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AIDS Research


Case Western Reserve University Center for Aids Research Scientists Identify a New HIV-1 Restriction Mechanism

Unlike HIV-type 1, HIV-type 2 and monkey Simian Immunodeficiency Virus (SIVsm/mac) can infect cells of the myeloid lineage owing to their accessory protein Vpx. Mutation or deletion of Vpx renders HIV-2 and SIVsm/mac unable to infect monocyte derived macrophages. The observation that Vpx associates with a subunit of E3 ubiquitin ligase strengthened the hypothesis that Vpx eliminated the HIV cellular restriction factor in a proteasome degradation-dependent manner. This unknown factor has been long sought by the scientific community to no avail. Well, not anymore. A team of scientists at the Center for AIDS Research (CFAR) at Case Western Reserve University led by Jacek Skowronski have identified this cellular protein factor as SAM domain HD domain-containing protein-1 (SAMHD1).

As described in a recent article published in Nature, titled "Vpx relieves inhibition of HIV-1 infection of macrophages mediated by the SAMHD1 protein", Skowronski’s group performed a search for cellular protein factors marked for degradation when Vpx was present in the cell. Of the 150 potential candidate proteins found, SAMHD1 was the most abundant and made the most biological sense. The article was authored by Kasia Hrecka, a CFAR fellow and researcher at the Department of Molecular Biology and Microbiology and Jacek Skowronski as first and lead author respectively. Other authors on the article are Caili Hao1, Malgorzata Kesik-Brodacka, and collaborating scientists Magda Gierszewska , Smita Srivastava, Selene K. Swanson, Laurence Florens and Michael P. Washburn. The full article can be accessed at this link.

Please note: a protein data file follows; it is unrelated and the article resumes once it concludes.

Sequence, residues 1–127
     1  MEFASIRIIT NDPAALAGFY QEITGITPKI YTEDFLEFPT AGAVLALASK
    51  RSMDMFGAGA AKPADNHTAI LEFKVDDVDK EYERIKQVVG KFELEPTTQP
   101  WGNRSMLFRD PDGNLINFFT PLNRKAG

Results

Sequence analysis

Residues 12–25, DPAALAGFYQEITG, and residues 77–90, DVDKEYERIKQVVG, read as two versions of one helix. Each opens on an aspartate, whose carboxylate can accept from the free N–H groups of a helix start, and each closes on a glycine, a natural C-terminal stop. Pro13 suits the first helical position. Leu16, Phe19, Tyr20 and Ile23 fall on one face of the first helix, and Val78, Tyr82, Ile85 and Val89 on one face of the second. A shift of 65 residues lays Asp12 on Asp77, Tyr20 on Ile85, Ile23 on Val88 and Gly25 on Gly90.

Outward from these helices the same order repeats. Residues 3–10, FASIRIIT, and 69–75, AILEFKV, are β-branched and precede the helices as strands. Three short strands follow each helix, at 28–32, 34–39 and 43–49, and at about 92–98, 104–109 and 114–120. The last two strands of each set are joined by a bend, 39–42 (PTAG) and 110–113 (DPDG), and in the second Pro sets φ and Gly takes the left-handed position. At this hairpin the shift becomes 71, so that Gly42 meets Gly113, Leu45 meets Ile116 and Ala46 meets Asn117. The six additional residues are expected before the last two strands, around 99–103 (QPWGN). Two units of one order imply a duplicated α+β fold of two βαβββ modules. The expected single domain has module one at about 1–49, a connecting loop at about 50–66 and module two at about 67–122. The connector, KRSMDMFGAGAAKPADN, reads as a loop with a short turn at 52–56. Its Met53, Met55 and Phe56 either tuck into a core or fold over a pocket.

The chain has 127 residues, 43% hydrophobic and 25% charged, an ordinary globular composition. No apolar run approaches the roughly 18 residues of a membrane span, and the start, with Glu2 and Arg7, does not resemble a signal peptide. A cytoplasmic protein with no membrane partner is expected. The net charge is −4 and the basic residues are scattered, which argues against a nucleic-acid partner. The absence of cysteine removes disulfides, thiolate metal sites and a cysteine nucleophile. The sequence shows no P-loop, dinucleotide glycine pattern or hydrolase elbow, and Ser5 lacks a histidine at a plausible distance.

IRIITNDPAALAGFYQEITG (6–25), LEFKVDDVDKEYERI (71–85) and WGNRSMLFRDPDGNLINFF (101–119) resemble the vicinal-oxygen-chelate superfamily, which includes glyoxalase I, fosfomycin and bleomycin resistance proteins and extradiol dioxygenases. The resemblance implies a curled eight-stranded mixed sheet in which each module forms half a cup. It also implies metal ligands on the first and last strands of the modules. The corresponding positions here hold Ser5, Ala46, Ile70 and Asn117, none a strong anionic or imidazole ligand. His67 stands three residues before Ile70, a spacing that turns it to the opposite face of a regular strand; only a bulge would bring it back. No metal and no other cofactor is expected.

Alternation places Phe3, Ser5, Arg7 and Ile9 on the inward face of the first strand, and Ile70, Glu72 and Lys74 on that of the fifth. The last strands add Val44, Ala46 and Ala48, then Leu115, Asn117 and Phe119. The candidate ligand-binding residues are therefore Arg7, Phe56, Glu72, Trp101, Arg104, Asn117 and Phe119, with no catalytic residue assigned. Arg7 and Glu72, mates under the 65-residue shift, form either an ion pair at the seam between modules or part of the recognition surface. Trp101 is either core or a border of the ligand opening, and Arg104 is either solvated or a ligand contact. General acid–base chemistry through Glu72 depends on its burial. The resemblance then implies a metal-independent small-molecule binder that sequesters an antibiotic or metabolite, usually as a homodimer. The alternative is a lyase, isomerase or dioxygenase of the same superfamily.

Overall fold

SAMHD1 is a component of the body's innate defense mechanism that works with other factors to get rid of nucleic acid debris in cells. Mutations in SAMHD1 had previously been implicated in an autoimmune disrase called Aicardi-Goutières syndrome. The findings help to broaden our understanding of how the immune system responds to HIV infection. "The identification of SAMHD and its function may result in new therapeutic approaches designed to inhibit HIV infection or replication in infected individuals" Dr. Skowronski predicts. "Strategies in manipulation of SAMHD1 function might result in more robust immune responses against this virus" he adds. According to Dr. Hrecka, the implication of SAMHD1 in HIV-1 restriction will help to attract more attention to this molecule and subsequently result in solutions that benefit both HIV and Aicardi-Goutières syndrome patients.

However even the authors still agree that there are more unanswered questions that they or others will have to answer in the future. How does SAMHD1 ensure myeloid cell specificity in HIV restriction given that there are other non-myeloid cell types that express SAMHD1 but have no lentiviral restriction effect? It might be that SAMHD1 is required, but not sufficient to achieve lentiviral restriction in myeloid cells and that there are additional cellular factors required for SAMHD1 activity. What are the implications of HIV-1 susceptibility to SAMHD1 restriction for the virus? Did HIV-1 evolve to avoid infection of myeloid cells such as dendritic cells and macrophages in order to evade the immune response? Is HIV-2 therefore at a selective disadvantage by infecting these cells linking the innate and adaptive arms of the immune response? In this case, does SAMHD1 restriction partly explain the difference in virulence and progression to AIDS that exist between HIV-1 and HIV-2?

Looking in the future, Skowronski's going to try and understand the molecular pathway for SAMHD1 restriction of HIV-1 and the contribution of this pathway to development of full blown AIDS in different HIV-1 infected individuals.